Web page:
When hospital D became part of Western Healthcare system that had a central board of directors, your hospital’s board began to struggle with its revised role. The new organizational environment included several outpatient clinics, multispecialty physician practices, multispecialty physician practices, and an insurance entity. Many of the current board members had served the organization since the hospital was built, and board activities always had been performed in a certain way. The administration rigidly controlled board meetings. Board members did not ask questions and routinely approved committee reports. The reports covered topics such as the organization’s financial status and future financial plans, physician credentialing, care quality monitoring, new policies, and plan for a new hospital.
A new board member with a healthcare background was appointed after extensive screening and a personal interview with the executive committee. She was not part of the local business structure, and the administration was concerned that her appointment might not be a wise move. During her first board meeting, two very interesting reports were given. One report detailed some reengineering projects. One of these involved redesigning nursing staffing patterns. This redesign decreased the number of registered nurses (RNs), and replaced them with licensed practical nurses (LPNs) and certified nursing assistants (CNAs). The current quality report documented a very high quality of care and positive patient satisfaction surveys. Data excerpted from this report can be seen in the First Quarter column of the table below. Given that this was her first board meeting, the new board member remained silent and did not ask any questions.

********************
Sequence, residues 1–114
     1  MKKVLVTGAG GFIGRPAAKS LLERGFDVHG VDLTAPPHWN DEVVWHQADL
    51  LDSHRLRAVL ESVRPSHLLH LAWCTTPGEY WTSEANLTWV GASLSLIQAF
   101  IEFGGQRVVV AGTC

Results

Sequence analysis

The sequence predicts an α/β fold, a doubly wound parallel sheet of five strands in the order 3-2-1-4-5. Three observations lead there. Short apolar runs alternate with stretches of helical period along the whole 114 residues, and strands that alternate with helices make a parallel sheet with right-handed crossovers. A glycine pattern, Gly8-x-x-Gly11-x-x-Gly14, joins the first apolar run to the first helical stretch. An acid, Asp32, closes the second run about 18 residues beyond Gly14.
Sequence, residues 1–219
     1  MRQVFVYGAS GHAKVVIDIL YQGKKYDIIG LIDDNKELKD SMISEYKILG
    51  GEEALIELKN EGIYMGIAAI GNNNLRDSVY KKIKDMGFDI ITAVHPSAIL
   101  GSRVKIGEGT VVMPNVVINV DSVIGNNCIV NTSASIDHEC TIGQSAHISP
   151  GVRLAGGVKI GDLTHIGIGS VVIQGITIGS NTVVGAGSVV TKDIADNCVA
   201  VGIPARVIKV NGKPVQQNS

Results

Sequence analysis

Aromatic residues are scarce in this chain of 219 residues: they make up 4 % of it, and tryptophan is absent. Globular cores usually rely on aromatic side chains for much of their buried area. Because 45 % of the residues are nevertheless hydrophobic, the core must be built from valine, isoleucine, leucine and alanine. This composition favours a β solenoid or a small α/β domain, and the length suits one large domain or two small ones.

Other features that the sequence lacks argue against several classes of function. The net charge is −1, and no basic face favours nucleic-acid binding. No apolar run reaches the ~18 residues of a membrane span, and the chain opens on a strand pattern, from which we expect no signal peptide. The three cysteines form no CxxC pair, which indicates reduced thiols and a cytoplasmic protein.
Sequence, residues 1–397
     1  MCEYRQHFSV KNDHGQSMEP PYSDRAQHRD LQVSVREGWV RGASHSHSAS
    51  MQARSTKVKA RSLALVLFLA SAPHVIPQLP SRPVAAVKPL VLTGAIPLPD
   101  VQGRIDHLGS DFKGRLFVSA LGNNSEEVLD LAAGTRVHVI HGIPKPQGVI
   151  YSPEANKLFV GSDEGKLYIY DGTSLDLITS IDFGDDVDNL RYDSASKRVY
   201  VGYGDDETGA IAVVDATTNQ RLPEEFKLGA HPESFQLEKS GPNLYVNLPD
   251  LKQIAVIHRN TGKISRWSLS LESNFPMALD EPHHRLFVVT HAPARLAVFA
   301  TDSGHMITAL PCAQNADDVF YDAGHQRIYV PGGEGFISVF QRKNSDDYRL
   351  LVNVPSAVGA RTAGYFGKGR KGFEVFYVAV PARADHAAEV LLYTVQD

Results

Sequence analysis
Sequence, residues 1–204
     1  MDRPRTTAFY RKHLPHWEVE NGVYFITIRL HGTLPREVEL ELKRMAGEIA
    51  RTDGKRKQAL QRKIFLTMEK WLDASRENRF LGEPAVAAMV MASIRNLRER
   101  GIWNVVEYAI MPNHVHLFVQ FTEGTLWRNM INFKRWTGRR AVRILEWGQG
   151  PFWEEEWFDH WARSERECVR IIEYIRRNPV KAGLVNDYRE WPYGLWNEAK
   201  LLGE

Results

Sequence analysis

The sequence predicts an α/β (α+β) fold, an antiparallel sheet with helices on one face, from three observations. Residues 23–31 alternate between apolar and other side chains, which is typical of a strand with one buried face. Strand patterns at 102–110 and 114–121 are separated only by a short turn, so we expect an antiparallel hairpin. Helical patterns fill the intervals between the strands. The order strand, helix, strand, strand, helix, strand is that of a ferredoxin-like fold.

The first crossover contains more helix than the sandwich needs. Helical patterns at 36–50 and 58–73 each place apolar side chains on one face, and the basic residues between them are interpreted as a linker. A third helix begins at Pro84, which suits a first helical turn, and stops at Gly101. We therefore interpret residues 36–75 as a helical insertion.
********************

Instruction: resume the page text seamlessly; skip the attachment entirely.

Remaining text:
Quality Performance Measure
Rate of vaginal birth after C-sections
Healthcare associated infections
Patient Satisfaction Measure
Overall quality of service
Within four months, the new nursing staffing patterns had been launched. Data excerpted from the quality indicators report presented to the board can be seen in the “2nd Quarter” column of the table. After reviewing the data presented by the nurse administrator, the new board member was very concerned and decided to ask if the values in the quality report, which show a negative trend, were for the nursing units with the new staffing patterns. The administrator reported that there was a direct correlation. This answer initiated discussion among other board members who were accustomed to using quality indicators in their businesses. This was the first substantive board-level discussion that the new board member had seen. One board member wanted to know whether any data had been gathered from patient focus groups. Another board member asked whether the average length-of-stay data had increased, and someone else asked a about a cost-benefit analysis of the new staffing patterns. Following the usual process, the chair called for approval of the report and presentation of the next item on the agenda.
- What changes or patterns do you see in the data? What remedies might be suggested for any problems? (20 points)
- Has the CEO carried out his or her responsibility for educating the board? Why or why not? (10 points)
- Depending on the answer to question 2, what strategies would you recommend at this point? (10 points)
- What quality data should be reported and utilized by this board of directors? (20 points)
- Given this administration’s style and leadership approach, how do you think the minutes of the board meeting reflect actual board meeting discussions? (10 points)